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This carsharing company is helping veterans turn unused vehicles into cash

Blair Shiff

Nearly two-thirds of veterans say they faced difficulty when transitioning into civilian life, according to Military.com.

But one carsharing company decided to give veterans, whether retired or not, an opportunity to thrive financially and keep the flexibility they need.

Turo, which was founded in 2010, is a peer-to-peer carsharing company that allows people with vehicles to connect with others who need to borrow a car. Think of Airbnb, but for transportation.

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"We have built an amazing app that allows car owners to share their cars when they're not using them with their neighbors or any travelers that are visiting their town," Turo CEO Andrew Haddad told FOX Business.

Sarah Lawery knows firsthand how Turo can help veterans. She joined the military at the age of 19 but was medically discharged.

"It's definitely a rocky transition coming out of the military," Lawery told FOX Business. "I did get medically discharged, so, for a while, I couldn't go back to work."

She found herself quickly without a mission and without a way to earn a living. So, she turned to Turo.

Why does this benefit veterans?

Veterans who are serving overseas often have an unused car sitting at home, sometimes for more than a year, according to Haddad.

"We found that the ability to turn your car into an asset that can generate earnings and that can pay for its cost obviously resonates with everyone, but, in particular, it resonates with veterans and their families," Haddad said.

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Turo said around one fifth of its hosts are veterans.

"We're super proud to play a small role in making the veteran experience a little bit easier and financially a little bit less challenging for the veterans and their families," Haddad said.

How much can a host make?

Haddad told FOX Business the hosts earned an average of at least $500 in 2018.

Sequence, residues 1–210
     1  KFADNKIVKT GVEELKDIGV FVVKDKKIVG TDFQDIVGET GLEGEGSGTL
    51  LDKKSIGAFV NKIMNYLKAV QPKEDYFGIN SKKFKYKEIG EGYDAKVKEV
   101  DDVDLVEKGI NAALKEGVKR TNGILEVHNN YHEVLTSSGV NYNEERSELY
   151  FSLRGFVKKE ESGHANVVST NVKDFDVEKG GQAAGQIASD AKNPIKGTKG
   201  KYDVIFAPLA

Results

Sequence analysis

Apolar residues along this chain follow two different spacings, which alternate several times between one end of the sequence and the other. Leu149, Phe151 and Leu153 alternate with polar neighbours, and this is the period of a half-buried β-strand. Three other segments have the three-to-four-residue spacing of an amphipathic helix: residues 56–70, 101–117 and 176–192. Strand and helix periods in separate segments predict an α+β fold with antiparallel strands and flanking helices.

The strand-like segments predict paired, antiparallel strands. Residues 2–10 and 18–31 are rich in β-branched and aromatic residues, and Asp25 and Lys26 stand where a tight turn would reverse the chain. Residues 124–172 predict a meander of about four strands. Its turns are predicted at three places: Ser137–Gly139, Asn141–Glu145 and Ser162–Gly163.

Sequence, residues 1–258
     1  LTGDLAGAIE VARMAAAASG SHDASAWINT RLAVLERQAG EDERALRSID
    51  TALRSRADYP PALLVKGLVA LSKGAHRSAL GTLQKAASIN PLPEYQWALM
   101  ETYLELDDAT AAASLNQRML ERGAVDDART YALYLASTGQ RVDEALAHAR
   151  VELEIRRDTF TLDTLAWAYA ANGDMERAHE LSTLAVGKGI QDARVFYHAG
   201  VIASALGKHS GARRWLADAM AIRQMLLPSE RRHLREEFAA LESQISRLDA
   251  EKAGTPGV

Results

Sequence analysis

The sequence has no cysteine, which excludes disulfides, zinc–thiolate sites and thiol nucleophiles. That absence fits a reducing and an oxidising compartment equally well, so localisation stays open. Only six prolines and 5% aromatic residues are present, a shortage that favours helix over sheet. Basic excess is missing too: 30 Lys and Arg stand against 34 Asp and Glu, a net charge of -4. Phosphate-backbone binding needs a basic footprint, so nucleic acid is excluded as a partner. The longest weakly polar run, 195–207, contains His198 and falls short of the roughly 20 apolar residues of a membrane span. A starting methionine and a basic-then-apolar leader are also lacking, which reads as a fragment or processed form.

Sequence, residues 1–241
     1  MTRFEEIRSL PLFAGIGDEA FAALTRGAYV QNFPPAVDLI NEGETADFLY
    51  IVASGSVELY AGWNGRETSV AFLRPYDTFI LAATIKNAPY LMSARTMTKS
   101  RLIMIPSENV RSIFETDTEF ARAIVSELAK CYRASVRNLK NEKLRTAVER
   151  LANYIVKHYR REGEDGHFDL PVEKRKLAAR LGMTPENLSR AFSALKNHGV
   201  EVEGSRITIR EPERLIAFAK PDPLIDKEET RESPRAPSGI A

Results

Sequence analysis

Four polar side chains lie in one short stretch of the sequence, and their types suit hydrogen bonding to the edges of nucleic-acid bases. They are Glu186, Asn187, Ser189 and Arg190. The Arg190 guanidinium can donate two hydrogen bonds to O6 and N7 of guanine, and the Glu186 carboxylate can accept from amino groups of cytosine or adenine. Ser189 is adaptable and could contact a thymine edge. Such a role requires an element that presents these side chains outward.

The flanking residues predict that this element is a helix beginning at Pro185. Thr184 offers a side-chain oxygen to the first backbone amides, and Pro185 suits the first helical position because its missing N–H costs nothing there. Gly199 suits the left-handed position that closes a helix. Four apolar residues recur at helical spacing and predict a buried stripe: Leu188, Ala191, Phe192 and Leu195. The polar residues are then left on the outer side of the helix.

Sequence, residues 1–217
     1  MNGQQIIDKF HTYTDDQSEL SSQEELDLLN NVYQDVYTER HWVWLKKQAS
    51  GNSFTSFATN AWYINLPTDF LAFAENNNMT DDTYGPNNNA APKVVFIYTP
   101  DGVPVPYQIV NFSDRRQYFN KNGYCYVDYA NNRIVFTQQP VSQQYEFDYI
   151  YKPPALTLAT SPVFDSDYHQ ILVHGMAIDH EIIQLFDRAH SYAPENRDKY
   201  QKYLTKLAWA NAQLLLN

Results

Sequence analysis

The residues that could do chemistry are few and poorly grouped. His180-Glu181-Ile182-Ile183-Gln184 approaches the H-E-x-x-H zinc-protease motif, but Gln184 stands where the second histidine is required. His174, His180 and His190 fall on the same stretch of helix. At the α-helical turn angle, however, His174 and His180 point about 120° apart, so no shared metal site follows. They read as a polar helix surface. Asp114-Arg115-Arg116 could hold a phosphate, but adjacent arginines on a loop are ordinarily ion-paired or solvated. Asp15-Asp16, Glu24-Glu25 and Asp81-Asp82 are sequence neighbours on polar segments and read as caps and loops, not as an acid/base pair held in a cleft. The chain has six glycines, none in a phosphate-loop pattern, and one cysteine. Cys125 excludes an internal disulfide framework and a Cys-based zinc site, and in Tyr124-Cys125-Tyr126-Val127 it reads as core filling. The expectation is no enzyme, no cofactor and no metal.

"It can really be a significant opportunity for people to pay back their car loans or just reduce, in general, their costs of car ownership," Haddad said.

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Lawery said she makes enough hosting her two cars on Turo that she doesn't need another job, which she's excited about.

"I know if I was at a regular job, from going to my job, coming home and having to be a mom, I'd be so exhausted," Lawery said. "I wouldn't be able to do my artistry."

What's the availability like?

According to Haddad, Turo has access to 300 million cars in the United States and about 1.5 billion around the world.

"Most of these cars are idle the vast majority of the time," Haddad said. "It's an amazing opportunity for every car owner to monetize their car when they're not using it."

What if someone crashes your car?

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Haddad said Turo has partnered with Liberty Mutual in the United States and other insurance companies around the world to provide "great coverage, both on liability and comprehensive physical damage coverage to both hosts and guests."

"I've had people who have damaged my car, and Turo has paid for all the damage," Lawery said. "I have paid nothing out of pocket for any damage that has happened on it."

Haddad said Turo pays for the policy itself, so it is not an added cost to the host or customer.

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